Very likely Welter Weight is going to be a good horse that earns a lot of money for owner Stonestreet Stables & Bolton. But my records show that horses running in their first races at less than 2-to-1 are very bad wagers. Some of the information I keep includes the prices paid for unraced horses, which is found in the past performances of the Daily Racing Form. Debuting runners that were bought for $500,000 or more ran 52 times in Southern California at less than 20-to-1, yet only won 10 races. If you bet them all, you got back just 48 cents for every $1 wagered. And it was just as bad for those less than 2-to-1.
Moving on, I whittled the field down to two contenders: #4 Consulado, who ran strongly last time, and the Bob Baffert-trained #11 Bobby Flay.
In addition to Welter Weight, five other first-time starters were in this 11-horse field. Many of them had fast workouts and they could have been any kind, so I planned to watch the board for betting action. If any of them went off between 10/1 and 19/1, I would place small wagers on them.
When watching the replay of Consulado’s first race on Dec. 17, I saw that his 81 Beyer Speed Figure was earned while going three-paths wide on the turn. Adjusting for the lost ground, I eased the speed figure up to 83, which was just one point away from the 84 median Beyer Speed Figure that wins these types of races. I determined that Consulado was obviously solid and hoped to get a gift of a price of 5-to-2 when Welter Weight was heavily bet.
Then I turned to Bobby Flay. Baffert does excellent work with 3-year-old horses in maiden special weight races, however his colt needed significant improvement to win. He was in the same Dec. 17 race that Consulado came out of, but Bobby Flay ran just a 74 speed figure.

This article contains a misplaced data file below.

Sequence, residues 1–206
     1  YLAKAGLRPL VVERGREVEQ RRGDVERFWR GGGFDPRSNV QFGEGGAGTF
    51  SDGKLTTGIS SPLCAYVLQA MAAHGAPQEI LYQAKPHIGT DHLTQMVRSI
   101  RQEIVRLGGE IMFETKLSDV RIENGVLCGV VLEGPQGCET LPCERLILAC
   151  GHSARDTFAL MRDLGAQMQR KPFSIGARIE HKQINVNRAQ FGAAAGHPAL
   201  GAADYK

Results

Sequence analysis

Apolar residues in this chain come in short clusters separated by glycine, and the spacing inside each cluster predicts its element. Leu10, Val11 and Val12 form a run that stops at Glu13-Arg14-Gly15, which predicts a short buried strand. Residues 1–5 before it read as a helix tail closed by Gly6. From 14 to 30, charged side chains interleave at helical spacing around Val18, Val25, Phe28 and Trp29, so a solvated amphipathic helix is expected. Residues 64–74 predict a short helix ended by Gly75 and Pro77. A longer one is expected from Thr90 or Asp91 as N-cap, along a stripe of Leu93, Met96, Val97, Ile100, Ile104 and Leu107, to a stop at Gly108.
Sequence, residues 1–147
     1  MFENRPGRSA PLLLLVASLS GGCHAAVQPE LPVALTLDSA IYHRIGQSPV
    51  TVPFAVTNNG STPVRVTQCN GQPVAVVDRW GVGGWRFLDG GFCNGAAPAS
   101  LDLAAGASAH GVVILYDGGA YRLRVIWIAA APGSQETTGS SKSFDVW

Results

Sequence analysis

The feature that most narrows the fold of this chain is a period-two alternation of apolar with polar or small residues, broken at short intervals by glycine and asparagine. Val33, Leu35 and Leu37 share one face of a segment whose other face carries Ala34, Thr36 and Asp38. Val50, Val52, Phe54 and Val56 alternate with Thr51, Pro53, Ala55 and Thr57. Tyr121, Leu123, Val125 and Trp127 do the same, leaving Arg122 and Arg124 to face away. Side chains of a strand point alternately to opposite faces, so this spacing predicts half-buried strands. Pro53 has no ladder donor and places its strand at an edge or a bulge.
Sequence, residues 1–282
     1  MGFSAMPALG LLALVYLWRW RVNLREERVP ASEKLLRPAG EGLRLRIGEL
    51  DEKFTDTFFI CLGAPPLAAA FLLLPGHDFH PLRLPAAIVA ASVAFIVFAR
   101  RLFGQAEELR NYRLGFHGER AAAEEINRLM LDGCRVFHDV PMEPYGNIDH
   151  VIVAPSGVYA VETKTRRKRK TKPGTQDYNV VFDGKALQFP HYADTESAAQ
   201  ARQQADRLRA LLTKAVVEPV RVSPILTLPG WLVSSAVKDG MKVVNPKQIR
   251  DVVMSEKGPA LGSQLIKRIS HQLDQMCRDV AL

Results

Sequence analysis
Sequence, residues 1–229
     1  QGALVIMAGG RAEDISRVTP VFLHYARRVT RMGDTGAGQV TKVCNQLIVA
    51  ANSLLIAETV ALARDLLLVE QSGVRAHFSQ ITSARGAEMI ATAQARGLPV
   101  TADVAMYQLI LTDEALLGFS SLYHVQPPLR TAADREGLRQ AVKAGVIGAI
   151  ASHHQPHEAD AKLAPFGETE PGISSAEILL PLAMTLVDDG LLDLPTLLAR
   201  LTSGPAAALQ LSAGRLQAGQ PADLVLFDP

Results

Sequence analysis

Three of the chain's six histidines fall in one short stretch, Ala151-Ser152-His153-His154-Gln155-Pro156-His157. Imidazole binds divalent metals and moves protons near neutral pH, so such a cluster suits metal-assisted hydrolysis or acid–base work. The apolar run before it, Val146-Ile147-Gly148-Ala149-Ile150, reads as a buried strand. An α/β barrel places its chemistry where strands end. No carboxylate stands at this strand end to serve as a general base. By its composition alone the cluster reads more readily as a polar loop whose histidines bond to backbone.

In the pari-mutuel betting pool, the crowd made Welter Weight 8-to-5, but Consulado was also 8-to-5. So, Welter Weight was being hammered, but Consulado did not hold any value for me.
This scenario came about because the public was betting the other first-time starters like they had no hope. The odds on those five horses ranged from 27-to-1 on Carlsbad Mountain to 84-to-1 on Malibu Affair.
In the running of the race, Consulado eased to the early lead, was never challenged and glided home under a hand ride. The 7-and-1/4th length victory looked impressive, yet earned just an 86 Beyer.
Welter Weight was second after getting stuck behind a wall of horses at the top of the stretch leading to a situation where jockey Julien Leparoux couldn’t find a running lane until the race was almost over.
At the betting window, I needed 5/2 on Consulado, but passed because his odds were too low. None of the first timers fell into my betting range, but my $200 bet on Bobby Flay did kick in at 9/2.
To watch a replay of this race go to www.calracing.com.